Go to 'thermo-' entry Go to 'dino-' entry Go to 'chondro-' entry Go to 'aero-' entry Go to '-logy' entry Go to 'thaumato-' entry Go to 'nano-' entry Go to '-sophy' entry Go to 'bucco-' entry Go to '-ism' entry Go to '-lysis' entry Go to 'galacto-' entry Go to '-anthropy' entry Go to 'pneumo-' entry Go to '-ploitation' entry Go to '-lithic' entry Go to '-sepalous' entry Go to 'onco-' entry Go to '-parous' entry Go to 'dermato-' entry Go to 'multi-' entry Go to 'dodeca-' entry Go to '-zoon' entry Go to 'vermi-' entry Go to 'crystallo-' entry Go to 'biblio-' entry Go to 'eco-' entry Go to 'juxta-' entry Go to 'facio-' entry
Affixes: the building blocks of English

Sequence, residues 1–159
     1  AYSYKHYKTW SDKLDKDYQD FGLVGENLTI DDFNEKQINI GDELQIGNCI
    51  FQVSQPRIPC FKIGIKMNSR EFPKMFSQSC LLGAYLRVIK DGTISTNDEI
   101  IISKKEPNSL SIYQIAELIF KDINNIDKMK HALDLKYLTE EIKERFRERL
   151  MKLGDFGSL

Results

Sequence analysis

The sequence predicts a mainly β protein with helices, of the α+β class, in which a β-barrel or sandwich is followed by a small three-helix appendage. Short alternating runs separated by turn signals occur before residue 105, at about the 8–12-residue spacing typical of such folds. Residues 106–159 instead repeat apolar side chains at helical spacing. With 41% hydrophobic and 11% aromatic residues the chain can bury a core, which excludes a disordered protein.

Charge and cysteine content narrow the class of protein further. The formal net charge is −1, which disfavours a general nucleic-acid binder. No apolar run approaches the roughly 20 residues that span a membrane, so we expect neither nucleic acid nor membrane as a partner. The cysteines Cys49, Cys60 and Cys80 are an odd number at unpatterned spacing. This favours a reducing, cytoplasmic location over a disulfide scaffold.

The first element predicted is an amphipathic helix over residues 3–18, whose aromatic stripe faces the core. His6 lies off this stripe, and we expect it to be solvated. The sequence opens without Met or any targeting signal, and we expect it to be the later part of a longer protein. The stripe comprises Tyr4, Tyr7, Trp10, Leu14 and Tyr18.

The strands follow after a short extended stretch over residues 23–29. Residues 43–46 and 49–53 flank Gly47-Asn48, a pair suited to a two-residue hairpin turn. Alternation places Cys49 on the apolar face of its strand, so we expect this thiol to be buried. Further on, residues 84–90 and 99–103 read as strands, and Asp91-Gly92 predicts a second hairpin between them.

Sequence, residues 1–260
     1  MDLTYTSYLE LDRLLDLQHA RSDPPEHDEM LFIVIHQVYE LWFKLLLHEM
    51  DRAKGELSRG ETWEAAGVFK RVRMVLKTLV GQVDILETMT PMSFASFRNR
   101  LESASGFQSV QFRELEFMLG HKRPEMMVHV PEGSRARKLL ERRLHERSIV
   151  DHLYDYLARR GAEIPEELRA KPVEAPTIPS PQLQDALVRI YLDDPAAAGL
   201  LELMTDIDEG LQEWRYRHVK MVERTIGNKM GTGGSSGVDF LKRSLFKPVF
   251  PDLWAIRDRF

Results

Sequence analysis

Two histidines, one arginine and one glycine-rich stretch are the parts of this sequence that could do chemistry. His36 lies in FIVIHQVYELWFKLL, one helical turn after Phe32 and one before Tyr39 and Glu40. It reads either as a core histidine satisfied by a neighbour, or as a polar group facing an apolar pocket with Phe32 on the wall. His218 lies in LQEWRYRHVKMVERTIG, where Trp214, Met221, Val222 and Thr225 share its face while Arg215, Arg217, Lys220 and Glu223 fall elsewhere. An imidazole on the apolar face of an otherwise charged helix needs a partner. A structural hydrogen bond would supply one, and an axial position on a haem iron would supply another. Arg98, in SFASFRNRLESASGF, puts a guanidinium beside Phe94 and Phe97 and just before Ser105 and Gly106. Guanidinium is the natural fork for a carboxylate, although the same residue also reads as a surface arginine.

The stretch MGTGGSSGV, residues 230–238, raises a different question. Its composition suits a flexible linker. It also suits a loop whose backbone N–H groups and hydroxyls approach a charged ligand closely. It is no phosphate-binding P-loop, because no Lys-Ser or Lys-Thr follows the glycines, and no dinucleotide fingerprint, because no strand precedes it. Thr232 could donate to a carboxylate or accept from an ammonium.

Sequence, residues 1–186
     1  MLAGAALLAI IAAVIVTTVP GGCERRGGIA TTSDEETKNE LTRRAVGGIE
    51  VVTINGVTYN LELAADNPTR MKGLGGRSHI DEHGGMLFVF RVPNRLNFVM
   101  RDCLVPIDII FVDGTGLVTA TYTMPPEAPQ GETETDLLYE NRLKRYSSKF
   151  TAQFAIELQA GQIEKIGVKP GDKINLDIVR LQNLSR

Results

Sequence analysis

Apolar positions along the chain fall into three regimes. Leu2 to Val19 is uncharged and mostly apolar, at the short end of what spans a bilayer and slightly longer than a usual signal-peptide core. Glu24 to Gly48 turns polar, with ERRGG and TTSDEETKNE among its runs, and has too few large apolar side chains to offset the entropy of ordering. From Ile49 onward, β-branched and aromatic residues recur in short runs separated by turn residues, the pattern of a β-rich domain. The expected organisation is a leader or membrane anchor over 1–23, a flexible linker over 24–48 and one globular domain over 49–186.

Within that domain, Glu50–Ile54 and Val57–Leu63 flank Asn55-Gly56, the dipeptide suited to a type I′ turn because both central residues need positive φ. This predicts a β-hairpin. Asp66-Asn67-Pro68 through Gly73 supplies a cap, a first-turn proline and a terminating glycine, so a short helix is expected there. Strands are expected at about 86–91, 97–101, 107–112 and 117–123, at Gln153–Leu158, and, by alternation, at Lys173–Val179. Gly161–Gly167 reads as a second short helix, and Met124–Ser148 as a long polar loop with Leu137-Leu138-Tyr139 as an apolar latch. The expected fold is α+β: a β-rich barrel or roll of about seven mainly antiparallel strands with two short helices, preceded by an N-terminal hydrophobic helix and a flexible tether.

Affixes: the building blocks of English

ex-2 Also ec-.

Out

[>Greek ex, out of.]

This prefix is closely related to its Latin equivalent (see the previous entry) but is much rarer. Examples are exarch (Greek exarkhos, from arkhos, ruler), a bishop of the Orthodox Church, exodus (Greek exodos, from hodos, way), and exorcize (ecclesiastical Latin exorcizare, from Greek exorkizein, from horkos, oath).

Before consonants it was replaced in Greek by ek-, which has become ec- in English, for example in eccentric (Greek kentron, centre), eclipse (Greek ekleipein, fail to appear, be eclipsed, from leipein, to leave), ecstasy (Greek ekstasis, standing outside oneself, based on histanai, to place), and eczema (Greek ekzein, boil over, break out, from zein, boil).

A few specialist modern formations exist, such as exergonic (Greek ergon, work), a biochemical reaction that proceeds with release of energy, and exstrophy (Greek strophē, turning), a birth defect resulting in the turning inside-out of a hollow organ, but the prefix is hardly productive.

Words such as exotic contain exo- instead.

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